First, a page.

But cinema is not always so egalitarian. In 2011, Olsen rocked the Sundance Film Festival with two movies: the silent housea one-take thriller that keeps your lens focused on her for 87 minutes, and Martha Marcy May Marlene, which cast her as a former cult member struggling to move on. Both of these performances led people to dub her the “fashion girl” of Park City, but as influencers lined up in the snow to meet her, Olsen trusted nothing they said.
“It really felt like everyone was saying contradictory things,” she said. “I was like, ‘It’s a bubble.’ I felt like I was literally in a snow globe.
She came out of that experience knowing only two things: She didn’t want to be called a tearful independent girl, but she didn’t want to be pushed into big-budget movies either. “It scared me, that kind of pressure,” she said.
Still, sometimes it’s nice to be invited to the party. A few years into her career, after a series of low-key indies, she asked her agent why she had never been considered for major films. The answer: “People don’t think you wanted to make them.”
She wanted? It’s a question Olsen must have asked himself back then – and still does, from time to time. She decided she needed to expose herself more and did a remake of Godzilla in 2014, arguing that it was at least directed by Gareth Edwards, who until then had been an independent filmmaker.
And then came the role of Wanda, and with it, her debut in Hollywood’s biggest franchise. While Olsen pondered the offer of wonder be the star Avengers: Age of Ultron, she listed the benefits: It would challenge her independent stereotype. She would again be part of an ensemble, now overpowered. And your co-star from Godzilla, Aaron Taylor-Johnson, was ready to take on the adventure as Wanda’s brother, Pietro, making sure she wouldn’t go it alone. They signed a contract with Ultron in a relationship with.
But Pietro was killed at the end of this film, and while a shaken Wanda remained in the Marvel Cinematic Universe, Olsen pondered the same question, wondering if it really matched. Due to her commitments to Marvel, she had to turn down a starring role in the dark comedy. Yorgos Lanthimos lobsterand it didn’t take a multiverse for Olsen to imagine how this movie would take her on a whole new path as an actress.
“I started to feel frustrated,” she said. “I had that job security, but I was losing those elements that I felt were more of a part of who I was. And the further away I got from that, the less I was considered for it.
The Falcon and the Winter Soldier it was supposed to be Marvel’s first Disney+ series, an old-school mean action series in which superheroes smack villains in each hour-long episode. Wanda Vision, on the other hand, was a half-hour parody of a sitcom; the most significant fights were marital, fermented by a trail of awkward laughter.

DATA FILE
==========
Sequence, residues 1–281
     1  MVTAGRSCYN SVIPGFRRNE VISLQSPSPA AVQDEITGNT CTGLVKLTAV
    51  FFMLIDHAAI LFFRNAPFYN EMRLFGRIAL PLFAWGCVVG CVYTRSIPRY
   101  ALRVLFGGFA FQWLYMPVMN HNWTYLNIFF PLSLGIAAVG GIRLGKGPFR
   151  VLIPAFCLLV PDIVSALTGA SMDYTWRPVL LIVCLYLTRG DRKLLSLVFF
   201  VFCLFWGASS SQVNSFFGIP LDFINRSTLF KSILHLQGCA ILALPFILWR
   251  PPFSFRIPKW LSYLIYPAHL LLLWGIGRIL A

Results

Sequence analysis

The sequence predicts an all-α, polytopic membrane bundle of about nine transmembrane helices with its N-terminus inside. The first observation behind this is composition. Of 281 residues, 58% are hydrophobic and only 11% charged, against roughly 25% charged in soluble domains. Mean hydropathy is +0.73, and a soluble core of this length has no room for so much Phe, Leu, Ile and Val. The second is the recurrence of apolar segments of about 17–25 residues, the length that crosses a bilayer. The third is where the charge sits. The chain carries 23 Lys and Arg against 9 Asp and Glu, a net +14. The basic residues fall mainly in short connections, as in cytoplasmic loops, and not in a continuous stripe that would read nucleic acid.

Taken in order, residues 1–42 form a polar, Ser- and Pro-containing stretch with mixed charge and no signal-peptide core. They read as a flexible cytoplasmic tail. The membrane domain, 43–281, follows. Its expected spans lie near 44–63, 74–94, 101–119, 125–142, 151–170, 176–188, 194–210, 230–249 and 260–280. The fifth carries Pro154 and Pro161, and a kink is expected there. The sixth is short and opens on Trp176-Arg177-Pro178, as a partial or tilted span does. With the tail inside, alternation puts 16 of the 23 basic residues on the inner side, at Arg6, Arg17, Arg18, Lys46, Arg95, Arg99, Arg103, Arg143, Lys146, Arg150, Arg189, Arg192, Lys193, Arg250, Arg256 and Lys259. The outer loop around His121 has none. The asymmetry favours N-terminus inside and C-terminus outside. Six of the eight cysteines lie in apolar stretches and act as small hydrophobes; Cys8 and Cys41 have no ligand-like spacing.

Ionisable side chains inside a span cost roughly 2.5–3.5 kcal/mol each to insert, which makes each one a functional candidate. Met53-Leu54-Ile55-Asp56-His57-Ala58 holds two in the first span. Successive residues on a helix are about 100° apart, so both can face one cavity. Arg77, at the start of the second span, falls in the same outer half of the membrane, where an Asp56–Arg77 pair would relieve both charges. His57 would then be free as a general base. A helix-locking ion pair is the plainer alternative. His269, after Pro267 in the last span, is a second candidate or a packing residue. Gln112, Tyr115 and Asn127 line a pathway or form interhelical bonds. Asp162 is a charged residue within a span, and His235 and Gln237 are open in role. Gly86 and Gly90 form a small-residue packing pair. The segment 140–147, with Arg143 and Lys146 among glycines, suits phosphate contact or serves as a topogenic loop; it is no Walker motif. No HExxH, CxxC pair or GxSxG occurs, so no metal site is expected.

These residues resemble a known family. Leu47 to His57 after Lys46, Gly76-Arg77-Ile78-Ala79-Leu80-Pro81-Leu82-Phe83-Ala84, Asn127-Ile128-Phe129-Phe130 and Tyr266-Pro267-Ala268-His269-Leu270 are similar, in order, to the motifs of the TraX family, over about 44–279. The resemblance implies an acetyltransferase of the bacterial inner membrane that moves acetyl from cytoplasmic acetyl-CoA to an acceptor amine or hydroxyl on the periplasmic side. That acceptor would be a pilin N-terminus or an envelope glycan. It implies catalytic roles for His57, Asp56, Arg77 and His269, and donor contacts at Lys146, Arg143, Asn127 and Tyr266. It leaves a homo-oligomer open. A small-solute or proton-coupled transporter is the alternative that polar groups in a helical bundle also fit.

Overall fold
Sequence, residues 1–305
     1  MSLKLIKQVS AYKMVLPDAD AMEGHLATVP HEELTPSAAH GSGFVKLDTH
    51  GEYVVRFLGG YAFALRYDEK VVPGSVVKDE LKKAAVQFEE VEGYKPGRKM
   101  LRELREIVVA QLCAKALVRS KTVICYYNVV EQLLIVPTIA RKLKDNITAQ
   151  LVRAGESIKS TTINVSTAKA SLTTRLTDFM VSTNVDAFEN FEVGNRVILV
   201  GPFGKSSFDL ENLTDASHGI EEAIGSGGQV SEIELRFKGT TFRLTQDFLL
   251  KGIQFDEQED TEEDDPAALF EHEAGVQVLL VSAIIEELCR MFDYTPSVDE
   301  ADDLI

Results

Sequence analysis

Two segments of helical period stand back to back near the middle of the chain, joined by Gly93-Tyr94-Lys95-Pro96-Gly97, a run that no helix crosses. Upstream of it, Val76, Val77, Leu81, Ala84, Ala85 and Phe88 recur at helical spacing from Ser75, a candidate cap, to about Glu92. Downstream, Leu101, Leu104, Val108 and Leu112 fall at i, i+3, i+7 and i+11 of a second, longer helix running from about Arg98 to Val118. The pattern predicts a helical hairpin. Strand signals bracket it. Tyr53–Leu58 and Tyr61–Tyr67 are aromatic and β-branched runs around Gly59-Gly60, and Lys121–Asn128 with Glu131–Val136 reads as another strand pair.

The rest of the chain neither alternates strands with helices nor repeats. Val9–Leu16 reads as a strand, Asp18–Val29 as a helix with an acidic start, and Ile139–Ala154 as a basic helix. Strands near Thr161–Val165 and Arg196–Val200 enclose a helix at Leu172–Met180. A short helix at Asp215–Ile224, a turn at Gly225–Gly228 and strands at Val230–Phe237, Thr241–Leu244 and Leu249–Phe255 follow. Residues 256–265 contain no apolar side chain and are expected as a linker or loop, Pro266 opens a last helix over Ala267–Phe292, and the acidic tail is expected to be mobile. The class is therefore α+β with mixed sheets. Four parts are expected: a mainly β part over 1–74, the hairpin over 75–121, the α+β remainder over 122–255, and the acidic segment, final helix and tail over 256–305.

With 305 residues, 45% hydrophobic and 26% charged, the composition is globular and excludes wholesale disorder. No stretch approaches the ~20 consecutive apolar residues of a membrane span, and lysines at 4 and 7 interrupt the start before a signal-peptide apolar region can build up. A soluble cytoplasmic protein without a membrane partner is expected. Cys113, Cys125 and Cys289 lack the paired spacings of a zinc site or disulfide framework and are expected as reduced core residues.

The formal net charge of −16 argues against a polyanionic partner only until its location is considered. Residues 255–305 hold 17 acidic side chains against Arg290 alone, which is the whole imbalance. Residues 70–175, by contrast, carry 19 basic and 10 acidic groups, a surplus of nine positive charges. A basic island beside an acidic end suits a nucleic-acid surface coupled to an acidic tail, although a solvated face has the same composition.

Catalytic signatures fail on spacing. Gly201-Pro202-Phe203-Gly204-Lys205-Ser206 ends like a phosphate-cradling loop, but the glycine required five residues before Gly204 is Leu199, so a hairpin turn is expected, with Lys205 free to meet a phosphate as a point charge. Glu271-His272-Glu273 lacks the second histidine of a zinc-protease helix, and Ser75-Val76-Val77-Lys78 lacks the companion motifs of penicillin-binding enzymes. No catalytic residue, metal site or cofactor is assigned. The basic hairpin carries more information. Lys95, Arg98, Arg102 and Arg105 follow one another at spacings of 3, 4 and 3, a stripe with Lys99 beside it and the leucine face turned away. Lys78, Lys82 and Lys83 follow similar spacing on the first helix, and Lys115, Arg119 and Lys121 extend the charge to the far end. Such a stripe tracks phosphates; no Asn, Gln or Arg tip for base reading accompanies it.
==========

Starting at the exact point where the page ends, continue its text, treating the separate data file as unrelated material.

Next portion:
“We thought what we were doing was so weird and we didn’t know if we had an audience for it, so there was freedom,” Olsen said. “There was no pressure, no fear. It was a very healthy experience.
But after the pandemic prompted Marvel to rearrange the order of its Disney+ series, Wanda Vision was the first and became the unlikely standard bearer. The series has spawned countless memes, crashed the streaming service multiple times, and earned 23 nominations for Emmysincluding a Best Actress nomination for Olsen.
Most important, Wanda Vision helped her fall in love with Wanda – a character she’s played for years – for the first time. The series offered a dizzying array of roles – some comedic, others modern and dark – and the first episode, filmed with a live audience, required all of Olsen’s theatrical training to pull off. She wasn’t sure it would resonate with a wider audience until friends sent her video clips of a brunch in Minneapolis, where drag queens dressed like all the alter egos of wanda. “If you get to that point,” Olsen said with a laugh, “then you’re really part of the culture.”
With the Black Widow in Scarlett Johansson out of the picture, Olsen is now the Marvel actress with the most clocked hours. She feels refreshed enough afterwards Wanda Vision and strange doctorto play in a solo film about your character?
“I think so,” she said. “But it really has to be a good story. I think these movies are best when it’s not about creating content, but about having a really strong point of view – not because you have to have a three-movie shot.” / TRANSLATION LÍVIA BUELONI GONÇALVES